I was making a new Postgres database table and I decided to do UUID primary keys instead of auto-incremented integers as I had done in the past. There are some interesting discussions around why UUIDs are a good idea in spite of their increased size.
When I wrote the query for insertion, I defaulted to letting Postgres do the work for UUID creation.
I didn’t have a good reason for doing this other than the habit of letting the database handle the primary key creation. But, the more I thought about it, the more it made sense to generate the UUID in Node (this was a Node.JS, Postgres stack). I wouldn’t have to wait for the Postgres
INSERT query to complete to use the generated UUID elsewhere. If I needed this UUID in multiple places, I could fire off several queries at once or more easily build out a transaction. But, is there a performance difference between the two? I’m not a great Postgres guy, but with the help from Stack Overflow, I cobbled together this method.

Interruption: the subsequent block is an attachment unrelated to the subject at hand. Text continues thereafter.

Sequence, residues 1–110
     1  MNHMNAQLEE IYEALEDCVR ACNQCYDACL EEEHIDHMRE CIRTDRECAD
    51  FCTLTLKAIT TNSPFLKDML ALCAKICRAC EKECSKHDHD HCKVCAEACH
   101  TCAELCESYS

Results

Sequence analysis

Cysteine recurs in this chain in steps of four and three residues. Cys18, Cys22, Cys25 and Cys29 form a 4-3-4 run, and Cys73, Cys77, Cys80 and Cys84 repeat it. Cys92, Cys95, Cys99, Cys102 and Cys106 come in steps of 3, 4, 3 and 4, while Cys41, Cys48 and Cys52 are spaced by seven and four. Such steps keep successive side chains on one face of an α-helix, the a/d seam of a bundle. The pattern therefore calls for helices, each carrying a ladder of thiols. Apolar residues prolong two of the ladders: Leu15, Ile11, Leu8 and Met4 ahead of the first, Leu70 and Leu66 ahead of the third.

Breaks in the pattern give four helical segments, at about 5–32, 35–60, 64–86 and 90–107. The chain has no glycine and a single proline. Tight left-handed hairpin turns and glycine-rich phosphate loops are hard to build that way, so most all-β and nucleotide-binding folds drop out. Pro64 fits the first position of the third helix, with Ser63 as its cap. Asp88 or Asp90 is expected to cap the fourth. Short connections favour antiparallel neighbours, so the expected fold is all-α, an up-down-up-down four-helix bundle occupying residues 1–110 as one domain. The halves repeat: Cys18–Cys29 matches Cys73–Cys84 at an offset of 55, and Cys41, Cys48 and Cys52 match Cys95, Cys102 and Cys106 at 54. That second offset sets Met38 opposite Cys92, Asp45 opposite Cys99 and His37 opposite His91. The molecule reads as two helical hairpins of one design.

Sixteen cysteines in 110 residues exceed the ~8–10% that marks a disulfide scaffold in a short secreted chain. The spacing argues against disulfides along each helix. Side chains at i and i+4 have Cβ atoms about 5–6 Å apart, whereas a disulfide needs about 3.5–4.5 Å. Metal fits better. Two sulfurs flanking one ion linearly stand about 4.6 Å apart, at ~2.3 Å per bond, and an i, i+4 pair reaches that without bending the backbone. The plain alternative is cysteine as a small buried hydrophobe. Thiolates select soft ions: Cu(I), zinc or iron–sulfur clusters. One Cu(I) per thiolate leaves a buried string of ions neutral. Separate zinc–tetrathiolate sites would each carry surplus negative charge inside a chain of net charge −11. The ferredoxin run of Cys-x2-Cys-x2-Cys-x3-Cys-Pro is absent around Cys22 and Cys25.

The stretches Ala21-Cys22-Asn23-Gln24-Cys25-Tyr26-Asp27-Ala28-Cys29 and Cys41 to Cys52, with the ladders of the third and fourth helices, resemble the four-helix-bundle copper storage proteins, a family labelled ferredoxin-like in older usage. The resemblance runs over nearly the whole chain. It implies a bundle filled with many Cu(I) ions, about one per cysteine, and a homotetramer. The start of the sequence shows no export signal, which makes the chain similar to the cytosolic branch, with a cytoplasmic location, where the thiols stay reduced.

PERFORM just executes this function, but discards the result. Oh, and I had to activate
\timing to show the duration. So I ran this a few times, and my results:
Seems slow. If anyone has another way of testing this on Postgres please let me know. On to Node.
I’m using the uuid npm module. The
Date objects and comparing. Anywho, the results:
Dang, we’re talking 10x faster! Granted, this isn’t a perfect test. I ran this on my Mac laptop which isn’t going to have the same hardware as a server. But, it’s hard to imagine the disparity being that much different on different hardware. Also, my project will probably never involve cranking out rapid fire UUIDs at this rate, but it’s fascinating nonetheless. Time to create some UUIDs in Node!
Jason Owen wrote a very nice follow up that includes timing UUID generation from the pgcrypto extension which I was unaware of. He also made some good points on the RETURNING clause, and pre-optimization. Go read it!